Their goal? Get back to nature, the real thing, by settling in the jungle in Bali (with fiber optics), or by going on safari in Africa to hunt unicorns. Some people take the plane as much as you could take the subway, with a carbon footprint 30 times higher than it should be, but it’s not that important… what are the climate emergency and the collapse of biodiversity next to a Linkedin post where you can post your picture in the sun?

If it only stopped with one or two people, it wouldn’t be worth writing about. Unfortunately, since the end of sanitary measures and the reopening of airports (carbon neutral, fortunately!!), the number of digital nomads has exploded. A real epidemic.

Digital nomad and bad faith contest

As for so many other sectors and activities, when you ask them on social media if their digital nomad activity is sustainable and what they think about climate change, you get :

Example of a whataboutism response from a digital nomad

Digital nomad or Jeff Bezos?

Icing on the cake, some are ready to defend the indefensible. “Yes, but it’s okay, if he does once the Seychelles and once Bali, do not exaggerate either. This kind of comment reflects a lack of understanding of the orders of magnitude and the climate issues.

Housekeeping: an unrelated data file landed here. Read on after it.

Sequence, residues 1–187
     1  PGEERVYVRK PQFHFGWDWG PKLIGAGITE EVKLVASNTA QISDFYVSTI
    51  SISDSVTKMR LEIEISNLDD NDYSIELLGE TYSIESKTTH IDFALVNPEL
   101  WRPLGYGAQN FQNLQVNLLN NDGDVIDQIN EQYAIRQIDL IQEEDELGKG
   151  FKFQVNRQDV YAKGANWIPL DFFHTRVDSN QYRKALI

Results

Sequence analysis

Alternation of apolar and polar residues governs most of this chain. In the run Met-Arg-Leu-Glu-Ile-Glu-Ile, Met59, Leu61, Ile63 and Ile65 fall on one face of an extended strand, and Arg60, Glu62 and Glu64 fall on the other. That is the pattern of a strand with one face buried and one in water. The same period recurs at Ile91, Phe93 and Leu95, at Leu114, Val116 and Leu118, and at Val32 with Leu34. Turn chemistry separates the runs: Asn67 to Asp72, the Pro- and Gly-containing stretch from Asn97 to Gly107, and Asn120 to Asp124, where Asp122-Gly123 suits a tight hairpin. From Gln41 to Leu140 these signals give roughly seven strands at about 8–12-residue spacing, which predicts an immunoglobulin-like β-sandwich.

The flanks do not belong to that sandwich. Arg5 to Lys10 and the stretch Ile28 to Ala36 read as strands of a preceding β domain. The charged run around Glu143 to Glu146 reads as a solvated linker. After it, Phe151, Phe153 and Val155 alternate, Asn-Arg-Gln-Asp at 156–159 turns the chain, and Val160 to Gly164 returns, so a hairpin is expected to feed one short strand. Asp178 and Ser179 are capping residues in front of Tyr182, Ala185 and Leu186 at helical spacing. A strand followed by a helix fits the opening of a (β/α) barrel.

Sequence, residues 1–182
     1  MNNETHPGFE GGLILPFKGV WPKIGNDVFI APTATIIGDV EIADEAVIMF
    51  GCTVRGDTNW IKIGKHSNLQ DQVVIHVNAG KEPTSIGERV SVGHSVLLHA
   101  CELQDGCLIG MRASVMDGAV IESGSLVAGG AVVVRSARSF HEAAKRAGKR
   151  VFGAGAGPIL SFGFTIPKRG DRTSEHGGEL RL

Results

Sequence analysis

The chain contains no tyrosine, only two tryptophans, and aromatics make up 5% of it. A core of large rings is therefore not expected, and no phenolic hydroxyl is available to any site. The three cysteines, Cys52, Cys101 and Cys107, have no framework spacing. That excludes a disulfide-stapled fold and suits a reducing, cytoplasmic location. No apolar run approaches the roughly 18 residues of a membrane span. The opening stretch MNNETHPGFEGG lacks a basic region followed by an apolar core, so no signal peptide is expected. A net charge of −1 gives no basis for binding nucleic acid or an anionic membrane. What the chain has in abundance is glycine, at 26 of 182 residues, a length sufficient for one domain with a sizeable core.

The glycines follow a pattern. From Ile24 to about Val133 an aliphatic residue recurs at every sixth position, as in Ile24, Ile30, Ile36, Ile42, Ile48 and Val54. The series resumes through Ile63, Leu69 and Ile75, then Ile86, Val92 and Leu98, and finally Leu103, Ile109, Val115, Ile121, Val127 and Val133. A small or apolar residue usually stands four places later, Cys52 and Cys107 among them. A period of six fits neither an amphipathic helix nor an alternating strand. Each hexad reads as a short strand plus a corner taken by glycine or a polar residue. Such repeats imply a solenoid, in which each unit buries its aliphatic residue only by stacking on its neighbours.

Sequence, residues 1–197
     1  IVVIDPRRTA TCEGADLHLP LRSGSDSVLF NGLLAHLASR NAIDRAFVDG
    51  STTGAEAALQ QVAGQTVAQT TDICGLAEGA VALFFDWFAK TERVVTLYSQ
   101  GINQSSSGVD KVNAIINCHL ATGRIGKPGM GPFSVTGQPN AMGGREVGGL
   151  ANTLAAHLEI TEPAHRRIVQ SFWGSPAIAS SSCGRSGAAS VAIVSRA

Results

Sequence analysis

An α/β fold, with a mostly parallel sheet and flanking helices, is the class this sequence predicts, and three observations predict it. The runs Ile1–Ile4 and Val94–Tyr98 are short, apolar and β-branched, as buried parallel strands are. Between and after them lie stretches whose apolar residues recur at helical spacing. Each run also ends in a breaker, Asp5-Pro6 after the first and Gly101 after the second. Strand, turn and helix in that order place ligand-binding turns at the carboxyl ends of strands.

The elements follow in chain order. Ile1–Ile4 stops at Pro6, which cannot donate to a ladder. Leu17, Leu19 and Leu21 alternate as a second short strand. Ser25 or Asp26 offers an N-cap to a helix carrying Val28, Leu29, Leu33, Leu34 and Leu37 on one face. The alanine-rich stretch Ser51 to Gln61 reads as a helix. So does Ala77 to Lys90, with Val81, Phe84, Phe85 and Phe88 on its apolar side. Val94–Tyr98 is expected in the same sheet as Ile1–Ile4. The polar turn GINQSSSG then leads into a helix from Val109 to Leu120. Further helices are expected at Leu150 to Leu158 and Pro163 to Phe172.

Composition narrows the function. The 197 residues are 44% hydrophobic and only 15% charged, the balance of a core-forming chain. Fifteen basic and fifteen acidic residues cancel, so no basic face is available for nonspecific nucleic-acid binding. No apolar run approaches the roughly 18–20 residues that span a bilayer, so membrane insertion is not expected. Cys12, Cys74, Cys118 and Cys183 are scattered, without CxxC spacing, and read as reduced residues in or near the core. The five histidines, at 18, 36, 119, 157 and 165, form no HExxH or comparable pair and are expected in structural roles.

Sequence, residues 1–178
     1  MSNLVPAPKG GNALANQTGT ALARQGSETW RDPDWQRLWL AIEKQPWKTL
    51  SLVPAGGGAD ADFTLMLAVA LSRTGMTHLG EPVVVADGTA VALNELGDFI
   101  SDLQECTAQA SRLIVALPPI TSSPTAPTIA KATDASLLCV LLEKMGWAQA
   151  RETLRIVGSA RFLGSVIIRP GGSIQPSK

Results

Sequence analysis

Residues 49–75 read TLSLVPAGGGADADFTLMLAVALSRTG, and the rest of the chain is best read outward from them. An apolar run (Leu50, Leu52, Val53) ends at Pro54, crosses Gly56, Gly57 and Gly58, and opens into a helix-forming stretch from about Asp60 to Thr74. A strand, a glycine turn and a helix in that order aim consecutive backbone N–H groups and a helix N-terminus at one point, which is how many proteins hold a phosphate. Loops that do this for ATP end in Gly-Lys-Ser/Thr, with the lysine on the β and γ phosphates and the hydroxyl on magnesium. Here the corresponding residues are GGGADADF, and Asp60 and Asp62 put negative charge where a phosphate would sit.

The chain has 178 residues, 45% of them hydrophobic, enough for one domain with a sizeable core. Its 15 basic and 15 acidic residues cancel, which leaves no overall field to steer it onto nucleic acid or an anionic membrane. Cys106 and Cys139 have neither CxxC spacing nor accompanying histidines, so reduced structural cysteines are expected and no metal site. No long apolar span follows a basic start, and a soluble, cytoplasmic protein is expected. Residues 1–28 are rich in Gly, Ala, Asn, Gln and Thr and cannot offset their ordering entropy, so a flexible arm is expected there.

If you manage to do this kind of air travel and live adequately on the side without exceeding 2 tons CO2eq /year, please publish your results in a scientific journal. Science is waiting for you! In the meantime, read this article on the carbon footprint, then this article on flying. You will certainly never make that kind of comment again.

Finally, one of the new justifications for traveling to the other side of the Earth would be the need to go there and see for yourself that global warming is already taking its toll. Remember, Jeff Bezos explained to us that during his 5-minute tourist trip in space, he understood how fragile the Earth was. We find the same discourse for tourists in Antarctica.